In its opinion and order granting summary judgment, the trial court found that Mr. White had established the existence of a genuine issue of material fact on the question of whether he was qualified for the positions for which he applied, and had therefore made out a prima facie case. The trial court went on to discuss the reasons given by McDonnell Douglas for its failure to choose Mr. White for any of those positions and concluded that McDonnell Douglas had stated specific reasons in each case why Mr. White was not qualified for the positions in question. The trial court then found, as to evidence of pretext, that Mr. White had failed to provide any evidence of discriminatory intent or any reason why McDonnell Douglas's explanations were not believable. Accordingly, the trial court granted summary judgment to McDonnell Douglas on the race and sex discrimination claims.
We have trouble reconciling the trial court's holding that Mr. White had created a genuine issue of material fact with respect to his qualifications and its simultaneous acceptance of McDonnell Douglas's explanations for why Mr. White was not qualified for those positions. Perhaps the trial court meant to say that Mr. White's evidence, by itself, would have made out a prima facie case, but that no reasonable person could conclude, after hearing all of the evidence, that Mr. White was qualified for the positions that he sought. We emphasize, however, that the structure created by McDonnell Douglas and Burdine is not about the order of proof or production but about the burden of proof and production.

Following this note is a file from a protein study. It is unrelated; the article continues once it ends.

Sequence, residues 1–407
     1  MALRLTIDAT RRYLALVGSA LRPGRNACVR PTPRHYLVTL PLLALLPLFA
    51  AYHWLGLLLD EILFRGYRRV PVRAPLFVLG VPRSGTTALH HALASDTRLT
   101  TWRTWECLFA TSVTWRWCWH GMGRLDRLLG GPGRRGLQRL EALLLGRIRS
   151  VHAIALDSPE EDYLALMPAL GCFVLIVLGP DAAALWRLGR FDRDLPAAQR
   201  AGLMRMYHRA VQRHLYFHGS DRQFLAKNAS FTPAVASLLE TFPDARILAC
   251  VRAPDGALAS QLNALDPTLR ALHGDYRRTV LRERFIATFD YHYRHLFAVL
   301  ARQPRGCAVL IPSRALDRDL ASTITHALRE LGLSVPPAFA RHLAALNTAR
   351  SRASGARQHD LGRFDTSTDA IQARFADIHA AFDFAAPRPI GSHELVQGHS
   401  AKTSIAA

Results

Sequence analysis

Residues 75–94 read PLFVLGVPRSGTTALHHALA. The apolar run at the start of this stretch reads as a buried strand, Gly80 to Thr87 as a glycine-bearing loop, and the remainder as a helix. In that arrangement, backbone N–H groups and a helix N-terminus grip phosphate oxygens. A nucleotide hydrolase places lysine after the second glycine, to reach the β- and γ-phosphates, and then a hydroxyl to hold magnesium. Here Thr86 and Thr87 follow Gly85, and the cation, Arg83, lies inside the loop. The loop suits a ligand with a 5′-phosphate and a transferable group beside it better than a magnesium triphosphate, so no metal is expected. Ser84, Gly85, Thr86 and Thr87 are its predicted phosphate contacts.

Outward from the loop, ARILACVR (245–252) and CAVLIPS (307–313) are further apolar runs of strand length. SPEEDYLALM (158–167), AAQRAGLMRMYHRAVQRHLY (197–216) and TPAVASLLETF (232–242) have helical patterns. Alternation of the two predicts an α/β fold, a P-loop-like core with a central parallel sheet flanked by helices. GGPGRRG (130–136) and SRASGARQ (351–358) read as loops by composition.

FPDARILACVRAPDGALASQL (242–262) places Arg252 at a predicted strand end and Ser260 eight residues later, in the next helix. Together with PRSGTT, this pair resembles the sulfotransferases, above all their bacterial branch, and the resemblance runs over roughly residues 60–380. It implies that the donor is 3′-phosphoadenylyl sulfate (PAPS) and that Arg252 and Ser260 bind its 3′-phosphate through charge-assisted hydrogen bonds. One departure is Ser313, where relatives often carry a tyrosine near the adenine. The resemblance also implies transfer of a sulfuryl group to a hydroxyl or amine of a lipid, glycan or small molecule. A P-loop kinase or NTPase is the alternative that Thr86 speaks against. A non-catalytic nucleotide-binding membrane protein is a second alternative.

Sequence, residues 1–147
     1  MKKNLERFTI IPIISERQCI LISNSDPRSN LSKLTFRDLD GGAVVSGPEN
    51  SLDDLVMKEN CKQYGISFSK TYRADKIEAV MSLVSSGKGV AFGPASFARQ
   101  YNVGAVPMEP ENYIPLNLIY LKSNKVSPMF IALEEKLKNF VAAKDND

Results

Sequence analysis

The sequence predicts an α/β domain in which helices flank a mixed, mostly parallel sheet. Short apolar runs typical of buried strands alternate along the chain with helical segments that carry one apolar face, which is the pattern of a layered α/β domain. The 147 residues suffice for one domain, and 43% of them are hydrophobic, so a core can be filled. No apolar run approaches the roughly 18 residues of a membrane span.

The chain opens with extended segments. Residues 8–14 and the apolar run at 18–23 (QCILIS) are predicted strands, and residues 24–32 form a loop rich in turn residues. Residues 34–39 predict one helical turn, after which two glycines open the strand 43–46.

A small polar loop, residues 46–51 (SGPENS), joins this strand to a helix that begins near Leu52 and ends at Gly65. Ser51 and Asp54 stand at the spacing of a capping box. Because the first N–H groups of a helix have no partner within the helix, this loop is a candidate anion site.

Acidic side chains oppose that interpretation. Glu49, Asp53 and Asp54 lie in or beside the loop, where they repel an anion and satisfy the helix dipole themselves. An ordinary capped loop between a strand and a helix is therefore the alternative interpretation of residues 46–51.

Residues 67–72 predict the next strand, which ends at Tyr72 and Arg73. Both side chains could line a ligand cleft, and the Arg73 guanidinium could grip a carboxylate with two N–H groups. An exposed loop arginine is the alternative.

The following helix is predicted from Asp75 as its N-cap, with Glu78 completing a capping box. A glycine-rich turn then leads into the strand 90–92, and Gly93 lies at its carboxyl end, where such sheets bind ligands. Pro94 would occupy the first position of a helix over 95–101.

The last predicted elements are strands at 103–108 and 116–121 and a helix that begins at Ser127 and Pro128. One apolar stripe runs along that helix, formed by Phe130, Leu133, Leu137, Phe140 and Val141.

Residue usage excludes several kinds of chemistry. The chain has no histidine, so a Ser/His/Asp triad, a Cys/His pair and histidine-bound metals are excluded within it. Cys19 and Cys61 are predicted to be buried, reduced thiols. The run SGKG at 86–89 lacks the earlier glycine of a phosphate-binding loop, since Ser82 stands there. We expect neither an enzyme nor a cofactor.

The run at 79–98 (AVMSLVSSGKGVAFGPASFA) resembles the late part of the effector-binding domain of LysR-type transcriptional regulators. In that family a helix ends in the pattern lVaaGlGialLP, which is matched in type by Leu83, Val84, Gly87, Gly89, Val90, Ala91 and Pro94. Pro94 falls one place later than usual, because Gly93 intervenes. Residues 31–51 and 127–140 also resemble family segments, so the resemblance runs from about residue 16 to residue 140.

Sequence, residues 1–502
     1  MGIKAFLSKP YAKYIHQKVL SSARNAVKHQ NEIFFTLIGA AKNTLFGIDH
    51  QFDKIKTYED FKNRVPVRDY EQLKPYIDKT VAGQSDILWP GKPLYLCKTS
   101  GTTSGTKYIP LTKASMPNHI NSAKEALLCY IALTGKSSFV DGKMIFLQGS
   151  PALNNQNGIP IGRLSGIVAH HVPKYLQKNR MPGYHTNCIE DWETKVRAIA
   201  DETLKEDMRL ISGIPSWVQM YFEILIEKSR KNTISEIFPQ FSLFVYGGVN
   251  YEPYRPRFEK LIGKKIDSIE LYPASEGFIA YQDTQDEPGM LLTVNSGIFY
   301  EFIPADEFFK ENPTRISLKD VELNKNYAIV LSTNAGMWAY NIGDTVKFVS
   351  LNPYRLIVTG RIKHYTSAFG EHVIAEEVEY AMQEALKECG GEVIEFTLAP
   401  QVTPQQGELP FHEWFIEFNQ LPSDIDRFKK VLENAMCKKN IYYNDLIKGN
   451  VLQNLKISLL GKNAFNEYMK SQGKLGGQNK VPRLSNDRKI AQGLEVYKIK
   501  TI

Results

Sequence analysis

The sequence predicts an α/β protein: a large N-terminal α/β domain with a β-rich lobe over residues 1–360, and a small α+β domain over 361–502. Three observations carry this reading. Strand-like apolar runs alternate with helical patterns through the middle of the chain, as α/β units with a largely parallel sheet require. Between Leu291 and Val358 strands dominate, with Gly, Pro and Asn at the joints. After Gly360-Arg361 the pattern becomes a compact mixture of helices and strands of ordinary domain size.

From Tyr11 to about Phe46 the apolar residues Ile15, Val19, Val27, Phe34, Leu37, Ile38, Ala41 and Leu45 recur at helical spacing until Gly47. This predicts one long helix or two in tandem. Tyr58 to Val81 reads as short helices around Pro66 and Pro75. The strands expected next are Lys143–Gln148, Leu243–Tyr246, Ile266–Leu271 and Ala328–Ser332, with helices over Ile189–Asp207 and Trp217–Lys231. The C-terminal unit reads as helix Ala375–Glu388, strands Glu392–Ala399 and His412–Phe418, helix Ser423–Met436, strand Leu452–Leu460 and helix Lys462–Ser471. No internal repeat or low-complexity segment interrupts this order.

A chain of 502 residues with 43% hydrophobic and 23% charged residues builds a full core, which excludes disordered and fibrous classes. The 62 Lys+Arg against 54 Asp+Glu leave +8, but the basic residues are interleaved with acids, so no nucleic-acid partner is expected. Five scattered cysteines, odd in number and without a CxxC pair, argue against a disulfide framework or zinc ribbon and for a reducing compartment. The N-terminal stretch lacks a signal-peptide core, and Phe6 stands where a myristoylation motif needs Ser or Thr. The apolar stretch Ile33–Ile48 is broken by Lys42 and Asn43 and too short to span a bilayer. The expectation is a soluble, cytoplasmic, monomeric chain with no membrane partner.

Nevertheless, having made an independent examination of the record, we affirm the district court. Mr. White argues that, at the very least, his submissions establish the existence of a genuine issue of material fact in respect to pretext. We disagree. We have considered his affidavit, his deposition testimony (Mr. White submitted no deposition transcripts with his appellate materials; the court therefore could consider only those transcript excerpts submitted by McDonnell Douglas), his résumé, and the personnel records of all of the persons chosen for the positions in question — in short, all of the evidence to which Mr. White directs us in his appellate brief. We find nothing in these materials that establishes a genuine issue of fact with respect either to discriminatory intent on the part of McDonnell Douglas or to the credibility of the reasons given for McDonnell Douglas's choices for the positions in question. See 10A C. Wright, A. Miller, and M. Kane, Federal Practice and Procedure: Civil 2d § 2726 at 118-19, § 2727 at 133-37, 143-45, 148, 157-69 (1983). See also In the Matter of Citizens Loan and Savings Co., 621 F.2d 911, 913 (8th Cir.1980); Lundeen v. Cordner, 356 F.2d 169, 170-71 (8th Cir. 1966) (per curiam); and Lundeen v. Cordner, 354 F.2d 401, 407-08 (8th Cir.1966). We therefore affirm the trial court's order
We turn, then, to Mr. White's retaliation claim. To prevail on a claim in respect to retaliation, a plaintiff must show that he brought charges of some type against the employer alleging race or sex discrimination, that he subsequently suffered from an adverse employment decision, and that the adverse decision by the employer was because the plaintiff had brought the charges in question. Sherpell v. Humnoke School District No. 5, 874 F.2d 536, 540 (8th Cir.1989).
The trial court in this case found that Mr. White had met the first two of these requirements but had failed to establish the existence of a genuine issue of material fact as to the third. Having examined the record independently, we agree. We therefore affirm the trial court's order granting summary judgment to McDonnell Douglas on the retaliation claim.
For the reasons stated, the trial court's order granting summary judgment to McDonnell Douglas is affirmed.